Parenting With Social Media
5m read

Parenting With Social Media

Social media has become an integral part of our greater society, hasn't it? Although viewed by many concerned parents as problematic, it can be a positive parenting tool when managed correctly, especially from the beginning. 

Social media has become an integral part of our greater society, hasn't it? Although viewed by many concerned parents as problematic, it can be a positive parenting tool when managed correctly, especially from the beginning. 

Being a parent in the 21st century is not much different from being a parent in the preceding centuries. The role of parents may be a bit more complicated with both parents working full time and relying on third-party childcare, but parents still try to do the best for their children, no matter what challenges the century presents.

Good parenting still depends greatly on the age-old tried and tested blueprint to raising responsible and well-balanced children. This roadmap involves a whole lot of love, understanding, discipline, and most of all, meaningful communication.

Social media is a communication tool. The role media platforms play in a child’s life is lined with many positive aspects, like creative expression and learning to socialize in a responsible way. Like all lessons we teach our children, we should never neglect to teach them how to interact safely on social media platforms from the start.

social media for kids

Changing Circumstances & Social Media

Let’s face it: the Covid-19 pandemic upset our freedom to socialize IRL. It turns out that being masked 24/7 like a superhero can be rather limiting.

During this trying time, we all depended on social media platforms as our go-to form of communication with the outside world. After all, we are social beings. Isolation, including social distancing, is a harsh request by any standard, especially for young children who mostly live in the moment and depend on social interaction. We may not be able to see it completely now, but there are effects so far on children born some years before, during, and after the pandemic.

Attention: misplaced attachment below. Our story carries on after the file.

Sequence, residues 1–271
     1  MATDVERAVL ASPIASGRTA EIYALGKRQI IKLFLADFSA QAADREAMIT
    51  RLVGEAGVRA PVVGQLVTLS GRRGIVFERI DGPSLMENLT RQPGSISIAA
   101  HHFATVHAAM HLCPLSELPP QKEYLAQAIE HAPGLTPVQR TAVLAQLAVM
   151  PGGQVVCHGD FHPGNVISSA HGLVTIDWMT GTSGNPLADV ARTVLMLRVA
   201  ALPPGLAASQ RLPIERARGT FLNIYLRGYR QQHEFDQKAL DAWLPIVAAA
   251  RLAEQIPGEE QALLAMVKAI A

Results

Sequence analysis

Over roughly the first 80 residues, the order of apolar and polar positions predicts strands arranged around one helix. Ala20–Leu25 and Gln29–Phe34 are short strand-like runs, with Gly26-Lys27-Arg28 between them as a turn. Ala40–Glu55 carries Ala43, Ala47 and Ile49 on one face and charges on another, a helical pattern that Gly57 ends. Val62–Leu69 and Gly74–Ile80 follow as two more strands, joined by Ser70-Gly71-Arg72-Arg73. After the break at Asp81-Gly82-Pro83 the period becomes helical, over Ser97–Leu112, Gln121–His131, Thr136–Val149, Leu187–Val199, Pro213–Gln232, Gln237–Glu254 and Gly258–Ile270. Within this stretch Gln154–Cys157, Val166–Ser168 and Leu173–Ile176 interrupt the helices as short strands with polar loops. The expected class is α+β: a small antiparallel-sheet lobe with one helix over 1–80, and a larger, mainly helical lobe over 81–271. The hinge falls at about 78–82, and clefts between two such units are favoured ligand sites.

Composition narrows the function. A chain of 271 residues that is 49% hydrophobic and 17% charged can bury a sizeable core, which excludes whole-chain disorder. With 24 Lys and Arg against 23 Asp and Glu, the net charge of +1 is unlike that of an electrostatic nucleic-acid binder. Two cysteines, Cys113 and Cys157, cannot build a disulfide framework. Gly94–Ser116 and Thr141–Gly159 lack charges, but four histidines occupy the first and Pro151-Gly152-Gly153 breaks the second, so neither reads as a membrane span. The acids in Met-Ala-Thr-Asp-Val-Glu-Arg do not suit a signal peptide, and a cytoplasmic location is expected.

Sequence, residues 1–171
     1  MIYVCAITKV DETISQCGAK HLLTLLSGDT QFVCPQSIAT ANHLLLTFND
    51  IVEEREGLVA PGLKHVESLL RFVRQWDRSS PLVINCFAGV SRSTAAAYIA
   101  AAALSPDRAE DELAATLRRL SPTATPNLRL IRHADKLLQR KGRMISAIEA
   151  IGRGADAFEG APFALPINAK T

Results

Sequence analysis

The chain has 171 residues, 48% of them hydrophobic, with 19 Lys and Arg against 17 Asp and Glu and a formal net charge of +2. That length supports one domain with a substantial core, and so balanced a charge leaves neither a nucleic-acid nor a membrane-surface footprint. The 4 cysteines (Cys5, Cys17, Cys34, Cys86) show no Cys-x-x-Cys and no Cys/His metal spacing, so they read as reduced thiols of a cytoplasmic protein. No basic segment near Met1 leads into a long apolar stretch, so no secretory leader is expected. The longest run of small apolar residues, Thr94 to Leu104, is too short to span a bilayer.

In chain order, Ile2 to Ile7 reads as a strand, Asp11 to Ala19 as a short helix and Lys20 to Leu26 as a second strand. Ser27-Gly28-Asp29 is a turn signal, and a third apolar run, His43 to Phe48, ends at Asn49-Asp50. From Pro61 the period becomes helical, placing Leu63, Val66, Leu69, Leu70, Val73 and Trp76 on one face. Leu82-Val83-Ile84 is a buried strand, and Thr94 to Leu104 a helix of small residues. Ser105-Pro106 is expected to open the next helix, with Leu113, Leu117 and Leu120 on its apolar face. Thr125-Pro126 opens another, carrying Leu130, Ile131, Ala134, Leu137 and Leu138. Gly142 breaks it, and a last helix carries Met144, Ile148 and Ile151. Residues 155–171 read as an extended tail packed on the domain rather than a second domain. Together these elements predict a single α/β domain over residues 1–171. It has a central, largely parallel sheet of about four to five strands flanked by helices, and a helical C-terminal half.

Social media platforms like Facebook, Twitter, Instagram, WhatsApp, Snapchat, and Tik-Tok bridged the raging antisocial flood-waters to at least allow virtual social interaction. Children who were otherwise deprived of social activities with their close circle of friends found an escape hatch from confinement through the Internet.

Using Social Media to Make Parenting Easier 

social media platforms

We are all aware of the many dangers that lurk on the Internet. Still, we just can't place an outright ban on social media platforms. Children will find a way to connect online with or without their parents’ consent. The best parents can do is educate themselves and have an honest open relationship with their children about responsible behavior on the Internet.

Social media can empower parents to keep a closer eye on their child’s online activities. The best way to allow your child to socialize and express their creativity on social media platforms is to talk openly. This includes:

  • The benefits of digital media literacy, collaborative learning, and creative expression.
  • Privacy protection. Limit sharing personal information as a means to keep cyberbullying or predators at bay. 
  • Have a discussion about how your child wants to be treated online. Use posting honest and positive comments as a standard to encourage being treated fairly by others.
  • Teach your child about online behavior using practical examples from the different platforms. 
  • Talk less and listen more to your child. The ratio of parents listening to talking should be 5-1. Parents should listen for 5 minutes to every minute they speak.